Analysing a single nominal variable
Impression of the data (frequency table)
(if you prefer to watch a video on this than read, click here)
To begin with analysing a single nominal variable, a good starting point can be to generate a frequency table. A frequency table is defined as "a table showing (1) all of the values for a variable in a dataset, and (2) the frequency of each of those responses. Some frequency tables also show a cumulative frequency and proportions of responses" (Warne, 2017, p. 512). An example is shown in Table 1.
Frequency  Percent  Valid Percent  Cumulative Percent  

Valid  Married  972 
49.2 
50.1 
50.1 
Widowed  181 
9.2 
9.3 
59.4 

Divorced  314 
15.9 
16.2 
75.6 

Separated  79 
4.0 
4.1 
79.6 

Never married  395 
20.0 
20.4 
100.0 

Subtotal  1941 
98.3 
100.0 

Missing  No answer  33 
1.7 

Subtotal  33 
1.7 

Total  1974 
100.0 
Click here to see how to create a frequency table with SPSS, with R, or with Excel.
with SPSS
There are a three different ways to create a frequency table with SPSS.using Frequencies
watch the video below, or download the pdf instructions (via bitly, opens in new window/tab).
using Custom Tables
watch the video below, or download the pdf instructions for versions before 24, or version 24 (via bitly, opens in new window/tab)
using descriptive shortcut
watch the video below, or download the pdf instructions (via bitly, opens in new window/tab).
with R
with Excel
The first column contains the various possible options, split into Valid and Missing. Valid are those who answered this question, missing are those who didn’t. At Missing sometimes differences are made between for example 'did not answer', 'incorrectly answered', 'had to skip', etc. If you made a typing error when entering the data it would easily be visible here. If for example you typed 'diforced' once when entering the data (or a value that does not exist) it would appear here as well with a frequency of only 1.
The column Frequency shows how many respondents answered each option. We can tell that 972 people in this survey reported to be married, and oddly enough 22 people don’t know. This is also known as the absolute frequency and defined as “the number of occurrences of a particular phenomenon” (Zedeck, 2014, p. 144). Notice that by far 'Married' is most often selected, and 'Separated' the least.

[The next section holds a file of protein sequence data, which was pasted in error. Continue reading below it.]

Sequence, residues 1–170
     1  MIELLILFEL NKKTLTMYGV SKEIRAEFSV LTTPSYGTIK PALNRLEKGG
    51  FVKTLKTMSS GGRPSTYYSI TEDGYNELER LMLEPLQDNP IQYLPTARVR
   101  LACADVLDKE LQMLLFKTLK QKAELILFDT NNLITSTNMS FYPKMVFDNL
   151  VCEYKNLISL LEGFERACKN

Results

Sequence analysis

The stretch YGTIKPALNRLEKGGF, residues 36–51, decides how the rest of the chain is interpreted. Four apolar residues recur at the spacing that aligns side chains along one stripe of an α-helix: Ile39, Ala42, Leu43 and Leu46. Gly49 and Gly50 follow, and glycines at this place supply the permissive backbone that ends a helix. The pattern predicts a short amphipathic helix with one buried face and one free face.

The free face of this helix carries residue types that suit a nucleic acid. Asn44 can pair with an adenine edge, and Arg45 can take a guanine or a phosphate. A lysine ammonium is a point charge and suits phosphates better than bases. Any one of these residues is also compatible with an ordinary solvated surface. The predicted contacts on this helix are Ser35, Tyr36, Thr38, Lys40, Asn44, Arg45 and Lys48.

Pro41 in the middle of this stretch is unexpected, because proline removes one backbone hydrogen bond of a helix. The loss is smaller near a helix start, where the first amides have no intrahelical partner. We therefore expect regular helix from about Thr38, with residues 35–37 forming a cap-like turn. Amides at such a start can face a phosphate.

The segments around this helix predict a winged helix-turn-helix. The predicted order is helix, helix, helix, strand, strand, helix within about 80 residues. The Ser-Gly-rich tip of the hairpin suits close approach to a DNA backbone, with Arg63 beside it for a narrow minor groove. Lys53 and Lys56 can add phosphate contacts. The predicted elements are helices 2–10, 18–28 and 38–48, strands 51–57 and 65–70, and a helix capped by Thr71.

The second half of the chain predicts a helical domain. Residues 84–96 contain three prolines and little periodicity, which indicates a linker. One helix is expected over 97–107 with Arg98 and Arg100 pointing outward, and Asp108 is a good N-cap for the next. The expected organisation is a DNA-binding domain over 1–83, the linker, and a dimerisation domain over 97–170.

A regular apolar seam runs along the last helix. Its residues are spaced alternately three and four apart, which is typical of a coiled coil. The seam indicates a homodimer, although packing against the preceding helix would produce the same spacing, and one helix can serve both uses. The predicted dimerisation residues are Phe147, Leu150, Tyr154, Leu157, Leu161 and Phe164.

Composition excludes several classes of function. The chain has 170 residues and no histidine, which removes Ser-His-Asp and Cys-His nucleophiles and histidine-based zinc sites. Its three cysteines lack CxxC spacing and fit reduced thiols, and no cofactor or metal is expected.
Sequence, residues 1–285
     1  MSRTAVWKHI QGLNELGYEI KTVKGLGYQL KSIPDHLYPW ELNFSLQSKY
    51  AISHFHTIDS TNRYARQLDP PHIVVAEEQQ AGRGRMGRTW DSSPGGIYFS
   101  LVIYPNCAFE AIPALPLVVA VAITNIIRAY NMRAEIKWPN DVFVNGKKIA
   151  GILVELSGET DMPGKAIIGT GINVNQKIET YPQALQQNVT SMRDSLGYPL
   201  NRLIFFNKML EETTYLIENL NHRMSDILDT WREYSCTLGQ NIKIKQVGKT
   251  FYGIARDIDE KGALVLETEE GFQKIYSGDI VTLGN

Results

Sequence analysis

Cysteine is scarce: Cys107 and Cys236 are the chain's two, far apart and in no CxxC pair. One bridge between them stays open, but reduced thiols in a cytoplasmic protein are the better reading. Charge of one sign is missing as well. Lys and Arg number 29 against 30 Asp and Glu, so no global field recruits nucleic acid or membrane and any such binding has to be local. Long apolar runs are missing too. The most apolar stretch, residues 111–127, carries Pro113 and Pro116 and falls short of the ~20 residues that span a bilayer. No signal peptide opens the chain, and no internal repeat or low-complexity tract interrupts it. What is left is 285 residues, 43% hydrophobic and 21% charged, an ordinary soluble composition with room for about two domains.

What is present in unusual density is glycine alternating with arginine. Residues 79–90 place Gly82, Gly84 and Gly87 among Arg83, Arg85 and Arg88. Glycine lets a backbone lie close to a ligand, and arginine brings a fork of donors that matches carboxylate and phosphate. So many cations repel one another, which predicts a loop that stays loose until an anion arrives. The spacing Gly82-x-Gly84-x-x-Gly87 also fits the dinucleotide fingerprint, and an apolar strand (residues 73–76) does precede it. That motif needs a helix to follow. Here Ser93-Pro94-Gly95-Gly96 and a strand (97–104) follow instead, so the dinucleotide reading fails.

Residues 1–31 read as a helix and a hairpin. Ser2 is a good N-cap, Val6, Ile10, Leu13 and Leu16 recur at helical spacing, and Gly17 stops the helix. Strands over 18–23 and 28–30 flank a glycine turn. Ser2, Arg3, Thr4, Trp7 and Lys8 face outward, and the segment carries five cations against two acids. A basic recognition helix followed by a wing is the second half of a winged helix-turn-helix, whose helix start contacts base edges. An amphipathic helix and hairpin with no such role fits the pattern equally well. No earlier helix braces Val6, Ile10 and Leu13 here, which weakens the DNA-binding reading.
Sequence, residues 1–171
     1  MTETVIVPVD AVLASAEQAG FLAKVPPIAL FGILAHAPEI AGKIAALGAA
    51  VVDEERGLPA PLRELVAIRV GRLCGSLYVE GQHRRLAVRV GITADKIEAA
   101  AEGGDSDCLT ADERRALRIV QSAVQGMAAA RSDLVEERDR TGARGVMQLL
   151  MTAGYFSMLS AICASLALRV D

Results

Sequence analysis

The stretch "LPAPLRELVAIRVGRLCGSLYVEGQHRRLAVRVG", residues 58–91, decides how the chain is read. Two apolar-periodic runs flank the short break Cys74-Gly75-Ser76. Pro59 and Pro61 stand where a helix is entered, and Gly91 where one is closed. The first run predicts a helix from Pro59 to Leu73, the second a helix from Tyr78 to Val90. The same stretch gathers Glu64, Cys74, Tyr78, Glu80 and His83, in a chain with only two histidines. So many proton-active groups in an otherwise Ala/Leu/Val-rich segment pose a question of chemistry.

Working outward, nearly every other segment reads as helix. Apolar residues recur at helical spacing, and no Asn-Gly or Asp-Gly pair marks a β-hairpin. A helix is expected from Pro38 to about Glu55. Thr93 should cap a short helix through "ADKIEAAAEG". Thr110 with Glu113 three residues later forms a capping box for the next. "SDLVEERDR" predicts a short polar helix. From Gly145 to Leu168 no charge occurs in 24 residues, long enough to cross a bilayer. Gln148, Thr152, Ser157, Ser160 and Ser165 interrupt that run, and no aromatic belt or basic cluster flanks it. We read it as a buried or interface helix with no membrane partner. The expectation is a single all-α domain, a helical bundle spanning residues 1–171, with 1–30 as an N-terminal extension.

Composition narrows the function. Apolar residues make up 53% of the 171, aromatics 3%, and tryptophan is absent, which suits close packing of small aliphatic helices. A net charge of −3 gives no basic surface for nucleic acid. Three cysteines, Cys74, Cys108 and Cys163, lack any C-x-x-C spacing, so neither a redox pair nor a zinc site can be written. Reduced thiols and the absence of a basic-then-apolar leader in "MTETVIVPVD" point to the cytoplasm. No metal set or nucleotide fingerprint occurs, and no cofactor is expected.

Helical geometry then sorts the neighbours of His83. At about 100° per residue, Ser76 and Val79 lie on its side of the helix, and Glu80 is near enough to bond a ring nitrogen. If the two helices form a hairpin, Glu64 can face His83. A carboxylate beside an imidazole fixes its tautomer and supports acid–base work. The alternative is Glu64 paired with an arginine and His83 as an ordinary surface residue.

The Percent column shows the percentages, based on the grand total, so including the missing values. The 49,2 indicates that 49.2% of all respondents were married (you can check that 972 / 1974 × 100 = 49.2).
The Valid Percent shows the percentage, based on the valid total, so excluding the missing values. The 50.1 indicates that 50.1% of all of those who answered this question reported to be married. The Valid Percent is usually the one being reported, and then confusingly enough as simple Percent.
Percentages can be defined as “a way of expressing ratios in terms of whole numbers. A ratio or fraction is converted to a percentage by multiplying by 100 and appending a "percentage sign" %” (Weisstein, 2002, p. 2200).
The Cumulative Percent is the running total of the Valid Percent but for questions on a nominal level this has no meaningful interpretation.
The frequency table is not often reported, since people tend to prefer visualizations. However it is still good to have first created the table, so we can check if the visualization was done properly. How to create a visualisation of this table is discussed in the next part.
FAQ's
Q: What about 'relative frequencies'? (click for the answer)
A: Percentages are actually a type of relative frequencies. Relative frequencies are “[absolute frequency] expressed as a fraction of the total frequency” (Kenney & Keeping, 1954, p. 17). This means that they are the absolute frequency divided by the total frequency. When multiplied by 100 you would get the percentages.
Q: How many decimals should I round values to? (click for answer)
A: For the percentages one or no decimal values is usually recommended (Cole, 2015)
Single nominal variable
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